East Bay Science Cafe | Berkeley
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La Peña Cultural Center | 3105 Shattuck Avenue, Berkeley, CA
The goal is to encourage public engagement with science by inviting members of the scientific community to present topics for a casual evening of conversation. Audience questions are encouraged both during and after.
Most people think that “seeing” is something that happens in the eyes, but many aspects of our perception of the world are determined by neural computations that occur in the brain. The visual cortex – the part of the brain that processes vision – takes up nearly a third of our cerebral real estate. Different regions of the visual cortex respond to different aspects or features of visual stimuli. I will (briefly) go over a few examples of deficits that can occur when parts of the visual cortex are damaged, and I will discuss my own work, which shows how intermediate visual processing areas in the visual cortex respond to variation in object silhouettes and 3D surface orientations.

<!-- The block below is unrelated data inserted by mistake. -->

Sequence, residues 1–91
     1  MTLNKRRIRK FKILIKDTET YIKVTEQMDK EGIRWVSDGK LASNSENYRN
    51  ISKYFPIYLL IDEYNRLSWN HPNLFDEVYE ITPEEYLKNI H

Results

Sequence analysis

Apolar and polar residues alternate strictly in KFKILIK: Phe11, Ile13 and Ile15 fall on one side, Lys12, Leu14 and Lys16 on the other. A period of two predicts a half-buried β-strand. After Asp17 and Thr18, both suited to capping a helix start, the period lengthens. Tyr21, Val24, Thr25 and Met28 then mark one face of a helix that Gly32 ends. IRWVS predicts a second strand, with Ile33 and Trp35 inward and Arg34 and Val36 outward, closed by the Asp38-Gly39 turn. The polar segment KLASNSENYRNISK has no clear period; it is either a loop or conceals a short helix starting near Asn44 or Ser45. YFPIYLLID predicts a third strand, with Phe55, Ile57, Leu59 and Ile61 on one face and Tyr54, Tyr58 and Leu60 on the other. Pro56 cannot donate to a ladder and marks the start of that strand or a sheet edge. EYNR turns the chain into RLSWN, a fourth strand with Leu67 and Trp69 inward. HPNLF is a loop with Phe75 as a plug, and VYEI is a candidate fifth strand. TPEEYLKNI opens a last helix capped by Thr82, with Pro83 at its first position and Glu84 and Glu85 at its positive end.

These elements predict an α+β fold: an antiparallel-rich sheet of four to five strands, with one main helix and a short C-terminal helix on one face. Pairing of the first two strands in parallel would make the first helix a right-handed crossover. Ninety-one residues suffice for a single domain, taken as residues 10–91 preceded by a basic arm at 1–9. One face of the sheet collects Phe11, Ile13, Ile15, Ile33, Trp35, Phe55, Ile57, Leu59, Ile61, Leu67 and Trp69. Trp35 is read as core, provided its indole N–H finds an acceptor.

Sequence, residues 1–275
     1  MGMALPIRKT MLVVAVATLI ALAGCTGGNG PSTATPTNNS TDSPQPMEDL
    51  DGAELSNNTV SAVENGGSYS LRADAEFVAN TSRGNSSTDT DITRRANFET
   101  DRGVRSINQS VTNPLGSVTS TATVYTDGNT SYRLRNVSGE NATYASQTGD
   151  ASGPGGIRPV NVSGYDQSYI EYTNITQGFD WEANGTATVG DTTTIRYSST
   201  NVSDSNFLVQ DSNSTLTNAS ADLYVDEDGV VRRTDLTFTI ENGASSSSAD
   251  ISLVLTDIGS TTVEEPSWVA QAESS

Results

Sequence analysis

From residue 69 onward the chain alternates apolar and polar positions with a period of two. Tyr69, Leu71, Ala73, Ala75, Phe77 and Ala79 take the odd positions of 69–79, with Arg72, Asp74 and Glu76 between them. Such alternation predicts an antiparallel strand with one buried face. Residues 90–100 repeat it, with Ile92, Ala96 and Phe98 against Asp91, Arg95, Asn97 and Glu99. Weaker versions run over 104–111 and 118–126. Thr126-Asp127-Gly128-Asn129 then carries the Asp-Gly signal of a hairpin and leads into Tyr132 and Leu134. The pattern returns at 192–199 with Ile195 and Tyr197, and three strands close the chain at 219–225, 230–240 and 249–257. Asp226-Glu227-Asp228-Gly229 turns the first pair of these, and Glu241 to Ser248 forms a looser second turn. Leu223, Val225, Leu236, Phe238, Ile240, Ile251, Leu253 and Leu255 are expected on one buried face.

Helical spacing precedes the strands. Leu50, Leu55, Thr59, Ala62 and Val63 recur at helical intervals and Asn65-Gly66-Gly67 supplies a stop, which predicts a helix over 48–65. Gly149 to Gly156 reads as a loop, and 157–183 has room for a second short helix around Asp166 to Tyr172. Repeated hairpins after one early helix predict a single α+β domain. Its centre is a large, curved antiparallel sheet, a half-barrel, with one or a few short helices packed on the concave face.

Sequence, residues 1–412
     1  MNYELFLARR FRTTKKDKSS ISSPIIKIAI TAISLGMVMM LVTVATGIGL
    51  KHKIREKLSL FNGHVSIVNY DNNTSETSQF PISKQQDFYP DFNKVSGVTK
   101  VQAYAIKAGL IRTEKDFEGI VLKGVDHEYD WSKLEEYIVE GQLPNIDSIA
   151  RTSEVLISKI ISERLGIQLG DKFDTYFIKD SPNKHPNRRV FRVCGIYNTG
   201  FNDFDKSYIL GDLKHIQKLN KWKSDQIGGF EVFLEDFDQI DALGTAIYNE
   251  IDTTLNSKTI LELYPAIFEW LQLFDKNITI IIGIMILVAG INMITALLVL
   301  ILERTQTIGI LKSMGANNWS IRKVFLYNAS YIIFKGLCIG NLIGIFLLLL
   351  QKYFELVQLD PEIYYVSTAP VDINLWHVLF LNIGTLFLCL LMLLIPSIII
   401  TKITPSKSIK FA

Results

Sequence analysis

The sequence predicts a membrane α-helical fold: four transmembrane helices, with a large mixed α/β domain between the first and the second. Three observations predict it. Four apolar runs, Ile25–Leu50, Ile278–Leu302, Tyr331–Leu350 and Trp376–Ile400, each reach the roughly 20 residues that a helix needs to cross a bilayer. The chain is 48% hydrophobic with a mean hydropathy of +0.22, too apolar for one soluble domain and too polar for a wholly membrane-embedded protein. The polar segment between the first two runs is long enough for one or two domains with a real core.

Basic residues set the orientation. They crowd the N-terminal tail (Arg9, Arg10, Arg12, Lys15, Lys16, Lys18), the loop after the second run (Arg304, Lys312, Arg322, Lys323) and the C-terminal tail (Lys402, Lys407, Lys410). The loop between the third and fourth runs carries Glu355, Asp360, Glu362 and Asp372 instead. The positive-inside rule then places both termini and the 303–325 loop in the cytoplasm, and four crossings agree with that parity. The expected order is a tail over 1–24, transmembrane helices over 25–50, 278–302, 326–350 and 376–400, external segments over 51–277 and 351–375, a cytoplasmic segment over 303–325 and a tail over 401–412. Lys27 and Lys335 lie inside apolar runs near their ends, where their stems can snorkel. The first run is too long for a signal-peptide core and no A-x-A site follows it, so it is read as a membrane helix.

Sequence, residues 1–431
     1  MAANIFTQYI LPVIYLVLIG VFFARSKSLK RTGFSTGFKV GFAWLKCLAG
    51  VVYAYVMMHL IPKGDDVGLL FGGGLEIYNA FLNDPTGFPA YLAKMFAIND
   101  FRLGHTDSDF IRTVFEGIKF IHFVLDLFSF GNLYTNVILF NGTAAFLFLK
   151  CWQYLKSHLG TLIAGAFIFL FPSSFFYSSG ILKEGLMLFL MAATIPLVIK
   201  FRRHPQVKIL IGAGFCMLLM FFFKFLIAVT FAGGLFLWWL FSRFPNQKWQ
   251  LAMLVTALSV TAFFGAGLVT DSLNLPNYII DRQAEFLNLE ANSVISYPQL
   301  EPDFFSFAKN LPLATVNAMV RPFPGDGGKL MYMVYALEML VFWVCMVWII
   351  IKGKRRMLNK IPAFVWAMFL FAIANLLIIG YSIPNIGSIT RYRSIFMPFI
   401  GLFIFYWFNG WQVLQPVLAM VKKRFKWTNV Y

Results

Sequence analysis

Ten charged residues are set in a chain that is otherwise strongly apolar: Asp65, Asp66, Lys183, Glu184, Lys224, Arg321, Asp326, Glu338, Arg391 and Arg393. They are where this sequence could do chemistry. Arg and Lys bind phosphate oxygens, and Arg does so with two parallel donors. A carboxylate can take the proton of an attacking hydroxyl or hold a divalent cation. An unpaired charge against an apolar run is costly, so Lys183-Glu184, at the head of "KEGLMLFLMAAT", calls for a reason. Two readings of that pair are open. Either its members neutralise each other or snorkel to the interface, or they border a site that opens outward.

About the Speaker: Mark Lescroart is a postdoctoral researcher in the Gallant laboratory at UC Berkeley. He got his PhD in 2011, working with Irving Biederman at the University of Southern California. Mark also went to USC for undergrad, and graduated summa cum laude in 2002 with a B.S. in Psychobiology and a minor in Japanese. He is a San Jose native, and graduated from Pioneer High School in 1998. Mark studies the way our brains transform patterns of light on our retinas into useful information about the shape and structure of objects in the world. He has also written popular science articles for Scientific American Mind.
The East Bay Science Café is brought to you by the University of California Berkeley Natural History Museums and Science@Cal.
Links: Event detailsCost: FREE
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